Another way of laundering money using banker’s draft is the smuggling of a particular currency such as the US dollar to a foreign financial institution for the purchase of draft denominated in that currency, US dollars. The foreign financial institution accepts the currency (US dollars) and issues the draft denominated in that currency, drawn against its correspondent bank account. Once the currency is in banker’s draft form, the money launderer can more easily conceal the source of funds. The ability to convert illicit proceeds to a banker’s draft at a foreign financial institution makes it easier for criminals to transport the instrument back into the country and/ or to endorse it to a third party in a jurisdiction where money laundering laws or compliance are lax.
In order to fight criminals using banker’s draft to wash their ill-gotten fund, organizations (both financial and non financial) should train their employees on how monies are or can be laundered. The main stream media and social media should create the awareness and educate the general public to be on the alert when dealing with people and report any suspicious activity to the Financial Intelligence Centre (FIC) and/ or the nearest police station.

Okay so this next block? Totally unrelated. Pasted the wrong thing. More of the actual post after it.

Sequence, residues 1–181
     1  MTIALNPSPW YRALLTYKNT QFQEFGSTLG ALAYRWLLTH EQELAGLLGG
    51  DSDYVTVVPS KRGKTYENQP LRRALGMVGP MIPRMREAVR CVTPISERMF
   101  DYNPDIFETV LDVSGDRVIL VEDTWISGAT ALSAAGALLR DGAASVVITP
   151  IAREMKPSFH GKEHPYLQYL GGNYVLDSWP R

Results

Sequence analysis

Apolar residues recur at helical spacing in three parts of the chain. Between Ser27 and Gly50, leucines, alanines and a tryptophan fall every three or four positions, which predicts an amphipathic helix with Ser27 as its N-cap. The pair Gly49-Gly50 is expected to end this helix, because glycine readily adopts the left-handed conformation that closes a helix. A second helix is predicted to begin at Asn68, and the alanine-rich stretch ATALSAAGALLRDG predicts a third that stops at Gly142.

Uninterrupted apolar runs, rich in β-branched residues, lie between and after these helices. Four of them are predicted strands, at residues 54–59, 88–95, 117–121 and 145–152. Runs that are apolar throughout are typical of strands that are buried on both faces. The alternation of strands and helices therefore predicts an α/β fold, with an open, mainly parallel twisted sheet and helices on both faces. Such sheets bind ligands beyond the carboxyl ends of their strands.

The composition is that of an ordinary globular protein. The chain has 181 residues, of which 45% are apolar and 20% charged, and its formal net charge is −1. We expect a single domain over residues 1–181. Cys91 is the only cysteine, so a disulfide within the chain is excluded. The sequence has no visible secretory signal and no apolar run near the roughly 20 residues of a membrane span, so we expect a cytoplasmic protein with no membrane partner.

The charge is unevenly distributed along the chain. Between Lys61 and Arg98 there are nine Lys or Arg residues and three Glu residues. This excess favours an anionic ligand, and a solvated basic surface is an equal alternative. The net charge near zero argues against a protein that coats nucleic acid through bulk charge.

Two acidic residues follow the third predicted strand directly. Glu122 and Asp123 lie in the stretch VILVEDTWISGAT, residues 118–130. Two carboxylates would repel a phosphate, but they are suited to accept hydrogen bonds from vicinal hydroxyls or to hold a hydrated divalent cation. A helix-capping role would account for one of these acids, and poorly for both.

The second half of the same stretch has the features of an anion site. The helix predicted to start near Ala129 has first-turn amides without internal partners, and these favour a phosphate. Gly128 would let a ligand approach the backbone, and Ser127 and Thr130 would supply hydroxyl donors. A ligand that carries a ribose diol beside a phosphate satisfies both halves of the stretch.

Introducing new regulations and/ or guidelines on the issuance of banker’s draft (that is if we are still going to use it) will also go a long way in the fight against money laundering and terrorist financing. The guidelines or regulations should try and address the following issues:
- Threshold limit to issue a banker’s draft to a non customer (someone without a bank account) if it is to be allowed.
- Knowledge and evidence of the source of funds of the non-customer.
- Criteria for opening a banker’s draft relationship with a foreign financial institution.
- Acceptable and unacceptable transactions (e.g., structuring transactions or the purchase of multiple sequentially numbered drafts for the same payee).
- Monitoring and reporting suspicious activities associated with banker’s draft.
Customers of Financial Institutions and the general public as a whole should be encouraged to use the electronic payment system for the payment of good and services. The use of ACH transfers (either through internet banking, mobile banking or USSD) and issuance of cheques will help overcome the money laundering issues associated with banker’s draft. This will even save the customer the time and risk of carrying huge sums of money.
Bank draft might still be relevant in today’s banking environment but Banks should make a cautious effort to educate their customers and the general public as a whole on the use of alternative methods of making payment, if we are to fight this menace of money laundering and terrorist financing.
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By Richieson Gyeni-Boateng, CAMS, If you require further information on this article, please contact Richieson @firstname.lastname@example.org